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Women now have the same average FICO credit score as men—here's what it is

Ever wonder how credit scores by gender stack up? CNBC Select takes a look at the data provided by Experian and compares FICO credit scores between men and women.

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Women's earnings still have a way to go in catching up to men's, but when it comes to credit, the two groups now share the same average credit score.

According to credit bureau Experian's data from the first quarter of 2020, women and men now share an average FICO credit score of 705. This is a 1-point increase for women from the second quarter of 2019 and about a 10-point increase for both groups since the second quarter of 2015.

Since the Equal Credit Opportunity Act of 1974, the financial services industry has made strides in creating more equitable lending practices and giving women more access to the same financial privileges as men. And as Mastercard recognized when it announced its True Name™ card initiative in 2019 for consumers who are trans and/or nonbinary, such financial inclusion is equally beneficial for members of the LGBTQ+ community as well.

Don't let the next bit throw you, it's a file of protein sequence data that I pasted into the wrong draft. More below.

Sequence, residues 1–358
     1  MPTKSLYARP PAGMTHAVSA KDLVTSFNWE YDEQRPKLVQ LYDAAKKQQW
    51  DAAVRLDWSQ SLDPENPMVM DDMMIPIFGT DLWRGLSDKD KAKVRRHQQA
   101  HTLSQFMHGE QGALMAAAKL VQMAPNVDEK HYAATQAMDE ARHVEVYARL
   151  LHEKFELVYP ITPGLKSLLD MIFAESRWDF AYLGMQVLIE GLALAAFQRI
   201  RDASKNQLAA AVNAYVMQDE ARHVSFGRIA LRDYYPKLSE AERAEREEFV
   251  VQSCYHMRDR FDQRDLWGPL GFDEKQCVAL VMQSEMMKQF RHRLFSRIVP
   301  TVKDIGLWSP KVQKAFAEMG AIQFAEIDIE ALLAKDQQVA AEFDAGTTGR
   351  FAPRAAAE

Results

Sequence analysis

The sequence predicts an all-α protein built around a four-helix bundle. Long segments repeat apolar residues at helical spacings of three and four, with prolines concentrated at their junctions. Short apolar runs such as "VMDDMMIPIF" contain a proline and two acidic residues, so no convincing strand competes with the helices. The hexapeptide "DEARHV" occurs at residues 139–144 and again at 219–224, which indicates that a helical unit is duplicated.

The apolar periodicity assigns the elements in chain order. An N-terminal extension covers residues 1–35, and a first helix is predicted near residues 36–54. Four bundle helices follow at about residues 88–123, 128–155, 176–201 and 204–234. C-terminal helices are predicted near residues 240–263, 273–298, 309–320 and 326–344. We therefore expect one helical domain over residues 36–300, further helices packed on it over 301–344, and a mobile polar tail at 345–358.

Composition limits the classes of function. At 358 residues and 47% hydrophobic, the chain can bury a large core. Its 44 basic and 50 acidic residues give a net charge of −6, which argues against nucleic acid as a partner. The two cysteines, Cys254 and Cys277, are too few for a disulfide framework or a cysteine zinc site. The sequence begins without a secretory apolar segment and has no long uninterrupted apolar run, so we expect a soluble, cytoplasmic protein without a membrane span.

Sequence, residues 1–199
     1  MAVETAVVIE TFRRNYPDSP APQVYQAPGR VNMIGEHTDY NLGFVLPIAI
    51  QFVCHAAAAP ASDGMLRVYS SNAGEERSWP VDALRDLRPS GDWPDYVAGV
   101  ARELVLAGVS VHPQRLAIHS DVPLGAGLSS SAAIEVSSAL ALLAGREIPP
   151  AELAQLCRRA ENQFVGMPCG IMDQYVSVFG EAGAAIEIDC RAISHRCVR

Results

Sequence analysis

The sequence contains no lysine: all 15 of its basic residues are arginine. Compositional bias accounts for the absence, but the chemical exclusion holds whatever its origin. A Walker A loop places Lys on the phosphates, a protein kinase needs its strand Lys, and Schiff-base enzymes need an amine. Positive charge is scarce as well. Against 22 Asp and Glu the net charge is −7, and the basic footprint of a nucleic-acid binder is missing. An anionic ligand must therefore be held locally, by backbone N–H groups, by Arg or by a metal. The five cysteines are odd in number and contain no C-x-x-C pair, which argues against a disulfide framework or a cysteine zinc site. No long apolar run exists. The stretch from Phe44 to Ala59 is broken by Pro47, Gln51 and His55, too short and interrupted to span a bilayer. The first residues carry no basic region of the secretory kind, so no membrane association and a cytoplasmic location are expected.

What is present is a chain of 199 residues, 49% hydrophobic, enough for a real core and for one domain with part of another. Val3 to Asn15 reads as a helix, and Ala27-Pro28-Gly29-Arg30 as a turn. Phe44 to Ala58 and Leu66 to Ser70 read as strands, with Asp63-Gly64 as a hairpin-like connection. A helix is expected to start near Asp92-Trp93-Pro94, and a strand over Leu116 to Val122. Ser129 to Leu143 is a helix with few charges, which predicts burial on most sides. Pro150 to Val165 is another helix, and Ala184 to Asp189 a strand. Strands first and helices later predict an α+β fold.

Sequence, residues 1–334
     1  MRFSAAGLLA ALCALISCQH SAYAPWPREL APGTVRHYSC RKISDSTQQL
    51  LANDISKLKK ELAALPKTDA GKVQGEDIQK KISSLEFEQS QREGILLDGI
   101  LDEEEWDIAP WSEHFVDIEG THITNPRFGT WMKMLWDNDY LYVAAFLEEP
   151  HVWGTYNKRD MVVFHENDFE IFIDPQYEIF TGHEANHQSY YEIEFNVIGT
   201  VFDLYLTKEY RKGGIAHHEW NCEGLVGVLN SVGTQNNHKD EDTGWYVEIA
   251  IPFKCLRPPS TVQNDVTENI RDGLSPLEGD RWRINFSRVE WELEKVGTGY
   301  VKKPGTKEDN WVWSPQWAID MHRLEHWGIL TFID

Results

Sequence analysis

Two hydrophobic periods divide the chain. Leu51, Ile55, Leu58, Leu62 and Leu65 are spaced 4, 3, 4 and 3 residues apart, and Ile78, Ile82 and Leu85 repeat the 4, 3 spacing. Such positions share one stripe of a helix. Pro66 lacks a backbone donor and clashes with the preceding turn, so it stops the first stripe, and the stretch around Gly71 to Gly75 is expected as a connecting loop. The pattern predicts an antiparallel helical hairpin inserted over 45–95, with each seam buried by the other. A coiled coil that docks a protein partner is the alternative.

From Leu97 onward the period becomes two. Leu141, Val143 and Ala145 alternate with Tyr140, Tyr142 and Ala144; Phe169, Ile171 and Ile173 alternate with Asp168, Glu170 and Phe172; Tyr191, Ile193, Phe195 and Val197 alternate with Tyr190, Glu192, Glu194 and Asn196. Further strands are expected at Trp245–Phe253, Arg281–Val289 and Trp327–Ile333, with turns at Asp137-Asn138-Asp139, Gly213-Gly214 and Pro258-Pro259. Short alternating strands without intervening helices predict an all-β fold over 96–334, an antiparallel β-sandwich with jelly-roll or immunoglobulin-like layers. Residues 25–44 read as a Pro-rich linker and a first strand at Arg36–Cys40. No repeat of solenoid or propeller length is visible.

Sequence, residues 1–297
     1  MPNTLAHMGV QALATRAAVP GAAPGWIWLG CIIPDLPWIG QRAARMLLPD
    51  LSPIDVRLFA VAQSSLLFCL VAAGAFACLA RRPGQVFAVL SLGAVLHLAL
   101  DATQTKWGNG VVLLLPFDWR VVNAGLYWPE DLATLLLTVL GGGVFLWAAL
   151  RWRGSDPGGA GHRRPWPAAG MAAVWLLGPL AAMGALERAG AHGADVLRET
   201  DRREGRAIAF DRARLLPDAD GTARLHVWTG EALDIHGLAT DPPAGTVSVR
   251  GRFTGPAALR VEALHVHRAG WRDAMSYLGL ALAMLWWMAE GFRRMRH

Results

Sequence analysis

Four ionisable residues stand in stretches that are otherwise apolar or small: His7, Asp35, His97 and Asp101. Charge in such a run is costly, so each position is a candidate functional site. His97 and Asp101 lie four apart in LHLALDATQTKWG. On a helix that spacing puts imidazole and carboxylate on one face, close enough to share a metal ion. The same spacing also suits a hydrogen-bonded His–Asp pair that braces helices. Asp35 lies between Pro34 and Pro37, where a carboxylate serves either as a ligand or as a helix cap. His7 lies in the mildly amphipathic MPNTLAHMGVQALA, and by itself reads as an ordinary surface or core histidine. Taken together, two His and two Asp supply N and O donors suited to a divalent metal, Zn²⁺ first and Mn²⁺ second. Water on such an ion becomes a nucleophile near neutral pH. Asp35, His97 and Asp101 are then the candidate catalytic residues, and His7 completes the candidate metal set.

With the average American's FICO score at a record high, one thing is for certain: More people than ever can enjoy the advantages of a good credit score  — as long as they maintain it.

Below, CNBC Select breaks down what a 705 FICO score means and how a good credit score can help you in your life. 

What a 705 FICO score means

Using estimates from Experian, 705 is considered a good credit score on FICO's scoring model.

FICO Score Ranges

  • Very poor: 300 to 579
  • Fair: 580 to 669
  • Good: 670 to 739
  • Very good: 740 to 799
  • Excellent: 800 to 850

With a 705 credit score, you will likely qualify for a variety of credit products and loans but at a higher interest rate than someone with a very good or excellent score. When reviewing the credit reports of those with a 705 FICO credit score, Experian found that a third of them had late payments (30 days past due), 42% had an auto loan and 29% had a mortgage. The average consumer with a good credit score had 4.7 credit card accounts.

How a good credit score can help you

Having a good credit score comes with big advantages, such as qualifying for a lease on a new apartment and saving money on your car or homeowners insurance.

When it comes to your personal spending habits, a good credit score can also help you get approved for a credit card that comes with some perks on your purchases. CNBC Select rounded up the best credit cards for good credit and the Amex EveryDay® Credit Card made the ranking for its zero-interest period for the first 15 months on purchases and balance transfers (then 12.99% to 23.99% variable APR, see rates and fees). If you never carry a balance on your credit card, you won't need to worry about accruing interest. Still take note, however, that even with good credit you may have a higher interest rate compared to the lowest rates lenders have available.